In essence, the court held that pregnant workers were treated like other similarly-situated employees who did not fit in the class of accommodated employees defined in the policy. While this case emphasizes that employers need not provide pregnant workers with special accommodations, the decision was supported by the employer’s strong policy and record of applying a neutral, pregnancy-blind policy. If you need assistance in crafting these types of policies, please do not hesitate to let us know.
EEOC: ADA May Require a Longer “Leave of Absence”
In a complaint filed against a nursing and rehabilitation center, the Equal Employment Opportunity Commission has alleged that the employer violated the Americans with Disabilities Act by failing to provide a reasonable accommodation to an employee diagnosed with cancer. The employer approved a leave of four to six weeks for the employee’s surgery and recuperation but later denied her request, accompanied by her doctor’s note, for an additional one month’s leave. Instead, the employer terminated her for failing to report to work. While this termination may seem intuitively permissible, the EEOC alleged that it violated the ADA and is seeking back pay, compensatory damages and punitive damages.
The ADA requires covered employers to provide disabled employees with a reasonable accommodation, unless such an accommodation would be an undue hardship to the employer. Since the EEOC recognizes extended leave as a reasonable accommodation, employers should not be quick to assume that they can terminate an employee who does not return from FMLA or other leave when anticipated. If you have any questions about terminating a disabled employee or exploring options for reasonable accommodations – such as intermittent leave or modified schedules – please let us know.
In late December 2012, federal regulatory agencies released their regulatory agendas, outlining actions they will likely pursue in the upcoming fiscal year. Here are some highlights.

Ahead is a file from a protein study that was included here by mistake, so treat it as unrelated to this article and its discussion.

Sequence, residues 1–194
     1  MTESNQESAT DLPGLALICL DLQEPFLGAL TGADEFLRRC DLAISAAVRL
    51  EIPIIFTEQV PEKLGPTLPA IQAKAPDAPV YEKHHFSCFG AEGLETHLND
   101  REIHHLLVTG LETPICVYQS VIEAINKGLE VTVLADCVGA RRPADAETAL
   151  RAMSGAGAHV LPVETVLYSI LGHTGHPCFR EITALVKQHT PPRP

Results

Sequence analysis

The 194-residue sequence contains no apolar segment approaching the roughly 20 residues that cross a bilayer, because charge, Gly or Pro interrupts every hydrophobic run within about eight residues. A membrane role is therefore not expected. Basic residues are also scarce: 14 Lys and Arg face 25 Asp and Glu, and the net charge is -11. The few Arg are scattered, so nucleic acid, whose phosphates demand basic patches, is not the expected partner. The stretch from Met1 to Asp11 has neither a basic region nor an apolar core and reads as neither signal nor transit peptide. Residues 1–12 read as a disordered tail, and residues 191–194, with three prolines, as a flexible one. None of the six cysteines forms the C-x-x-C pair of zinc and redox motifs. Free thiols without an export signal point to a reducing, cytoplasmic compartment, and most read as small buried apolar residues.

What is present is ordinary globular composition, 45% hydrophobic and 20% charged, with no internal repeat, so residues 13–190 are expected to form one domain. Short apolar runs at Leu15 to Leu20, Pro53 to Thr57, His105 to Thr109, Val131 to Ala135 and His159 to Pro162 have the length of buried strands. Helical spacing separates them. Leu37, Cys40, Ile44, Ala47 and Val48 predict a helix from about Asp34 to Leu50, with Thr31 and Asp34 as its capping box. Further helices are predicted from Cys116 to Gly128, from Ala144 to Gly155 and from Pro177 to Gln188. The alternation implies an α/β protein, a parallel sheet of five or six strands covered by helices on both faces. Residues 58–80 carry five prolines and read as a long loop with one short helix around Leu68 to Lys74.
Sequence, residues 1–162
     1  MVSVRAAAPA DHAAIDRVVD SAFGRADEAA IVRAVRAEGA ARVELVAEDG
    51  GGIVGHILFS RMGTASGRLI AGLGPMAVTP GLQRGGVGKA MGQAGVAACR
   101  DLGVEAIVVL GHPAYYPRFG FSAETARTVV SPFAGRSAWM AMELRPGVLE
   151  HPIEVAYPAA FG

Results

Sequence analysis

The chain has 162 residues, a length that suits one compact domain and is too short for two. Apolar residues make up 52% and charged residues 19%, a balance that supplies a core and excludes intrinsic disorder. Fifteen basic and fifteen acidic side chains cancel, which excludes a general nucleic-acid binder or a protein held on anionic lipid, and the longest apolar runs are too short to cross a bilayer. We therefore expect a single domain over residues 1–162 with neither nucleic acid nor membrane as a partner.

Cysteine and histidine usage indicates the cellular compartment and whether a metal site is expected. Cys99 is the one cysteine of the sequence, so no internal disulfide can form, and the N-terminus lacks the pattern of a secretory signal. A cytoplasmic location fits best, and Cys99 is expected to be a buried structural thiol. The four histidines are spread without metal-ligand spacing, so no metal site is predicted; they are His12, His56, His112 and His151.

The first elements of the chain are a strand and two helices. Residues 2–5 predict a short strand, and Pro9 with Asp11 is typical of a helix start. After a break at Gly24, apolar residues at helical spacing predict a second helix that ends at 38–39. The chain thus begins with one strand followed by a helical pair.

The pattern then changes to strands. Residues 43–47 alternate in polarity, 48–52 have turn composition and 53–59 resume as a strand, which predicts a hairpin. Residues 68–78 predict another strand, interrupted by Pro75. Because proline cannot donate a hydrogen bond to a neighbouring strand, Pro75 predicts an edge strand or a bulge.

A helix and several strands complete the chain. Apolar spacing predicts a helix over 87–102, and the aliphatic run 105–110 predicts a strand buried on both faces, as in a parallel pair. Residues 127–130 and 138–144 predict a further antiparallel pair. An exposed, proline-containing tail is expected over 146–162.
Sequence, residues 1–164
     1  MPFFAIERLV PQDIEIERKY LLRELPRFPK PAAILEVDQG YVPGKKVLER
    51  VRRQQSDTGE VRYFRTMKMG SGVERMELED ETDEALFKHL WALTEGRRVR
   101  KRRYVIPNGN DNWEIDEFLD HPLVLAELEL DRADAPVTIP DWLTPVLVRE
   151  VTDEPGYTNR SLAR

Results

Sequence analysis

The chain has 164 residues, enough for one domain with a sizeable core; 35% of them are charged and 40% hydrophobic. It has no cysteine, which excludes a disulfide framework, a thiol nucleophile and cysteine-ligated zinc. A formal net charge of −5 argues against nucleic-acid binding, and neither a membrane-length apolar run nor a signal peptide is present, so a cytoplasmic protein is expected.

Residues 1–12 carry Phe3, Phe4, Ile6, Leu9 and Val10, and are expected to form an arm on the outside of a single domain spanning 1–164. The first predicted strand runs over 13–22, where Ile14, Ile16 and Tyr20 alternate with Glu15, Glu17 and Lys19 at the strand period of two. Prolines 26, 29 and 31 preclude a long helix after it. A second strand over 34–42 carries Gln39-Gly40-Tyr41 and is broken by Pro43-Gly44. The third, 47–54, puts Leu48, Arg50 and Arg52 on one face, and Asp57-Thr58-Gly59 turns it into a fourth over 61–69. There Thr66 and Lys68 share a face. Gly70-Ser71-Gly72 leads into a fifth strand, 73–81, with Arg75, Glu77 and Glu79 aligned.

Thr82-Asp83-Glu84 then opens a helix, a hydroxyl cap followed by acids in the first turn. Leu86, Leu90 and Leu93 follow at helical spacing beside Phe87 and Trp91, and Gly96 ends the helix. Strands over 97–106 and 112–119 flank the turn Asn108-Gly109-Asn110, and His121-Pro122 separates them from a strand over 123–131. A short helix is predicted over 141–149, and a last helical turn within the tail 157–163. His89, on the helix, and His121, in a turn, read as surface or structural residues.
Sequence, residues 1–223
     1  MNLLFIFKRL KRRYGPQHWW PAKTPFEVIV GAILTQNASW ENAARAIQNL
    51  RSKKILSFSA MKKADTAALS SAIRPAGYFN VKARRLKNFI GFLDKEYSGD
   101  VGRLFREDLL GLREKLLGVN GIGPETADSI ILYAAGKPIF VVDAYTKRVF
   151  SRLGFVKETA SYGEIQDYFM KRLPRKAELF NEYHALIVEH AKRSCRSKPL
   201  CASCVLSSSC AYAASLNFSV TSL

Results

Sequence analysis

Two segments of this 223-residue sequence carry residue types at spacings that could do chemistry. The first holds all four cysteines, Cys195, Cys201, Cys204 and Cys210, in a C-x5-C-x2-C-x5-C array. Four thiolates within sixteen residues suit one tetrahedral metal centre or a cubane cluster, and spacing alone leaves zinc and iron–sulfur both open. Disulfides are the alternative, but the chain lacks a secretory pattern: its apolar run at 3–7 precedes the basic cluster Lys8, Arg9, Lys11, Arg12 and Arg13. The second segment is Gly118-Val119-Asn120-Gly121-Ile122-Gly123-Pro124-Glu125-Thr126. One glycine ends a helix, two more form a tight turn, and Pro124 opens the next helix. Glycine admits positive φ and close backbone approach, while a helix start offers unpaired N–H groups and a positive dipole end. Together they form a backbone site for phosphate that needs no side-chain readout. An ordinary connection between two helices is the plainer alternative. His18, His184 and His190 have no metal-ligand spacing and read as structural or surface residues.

Department of Labor
According to the Department of Labor’s Statement of Regulatory Priorities, the agency will continue its vision of Good Jobs for Everyone (jobs that increase workers’ incomes; assure workers are paid wages and overtime; are in safe, healthy, fair and diverse workplaces; provide workplace flexibility; improve health benefits; and assure workers have a voice in the workplace). To achieve these “good jobs,” the DOL plans to continue to use increased enforcement actions, increased education and outreach, and regulatory actions that foster compliance. The DOL will also continue its Plan/Prevent/Protect compliance strategy, first introduced in the Spring 2010 Regulatory Agenda and designed to require employers to comply with DOL laws and regulations before the Labor Department investigator arrives at the workplace.
Occupational Safety and Health Administration
According to a new report issued by the Occupational Safety and Health Administration, the number of whistleblower complaints continues its upward trend, with a total of 2,787 whistleblower complaints filed in fiscal year 2012.
Equal Employment Opportunity Commission
The EEOC announced last week that it received 99,412 private sector workplace discrimination charges in 2012. The year-end data also show that retaliation, race, and sex discrimination were the most frequently filed charges. The announcement also reports that the EEOC filed 122 lawsuits including 86 individual suits, 26 multiple-victim suits, and 10 systemic suits. EEOC’s legal staff resolved 254 lawsuits for a total monetary recovery of $44.2 million.
As we noted above, the EEOC also released its Strategic Enforcement Plan for Fiscal Years 2013-2016. The plan identifies hiring, pay, and harassment as enforcement priorities, along with protecting immigrant and other vulnerable workers, addressing emerging and developing issues, and preserving access to the legal system.
If you have any questions about these or other workplace law topics, please contact Ted Gentry.
This update is provided by Wyche for educational and informational purposes only and is not intended and should not be construed as legal advice.